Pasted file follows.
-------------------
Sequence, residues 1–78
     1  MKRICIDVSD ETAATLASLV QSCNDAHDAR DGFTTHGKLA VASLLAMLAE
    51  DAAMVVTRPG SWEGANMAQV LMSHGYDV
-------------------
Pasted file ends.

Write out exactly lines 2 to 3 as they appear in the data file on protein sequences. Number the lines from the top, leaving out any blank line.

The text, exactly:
     1  MKRICIDVSD ETAATLASLV QSCNDAHDAR DGFTTHGKLA VASLLAMLAE
    51  DAAMVVTRPG SWEGANMAQV LMSHGYDV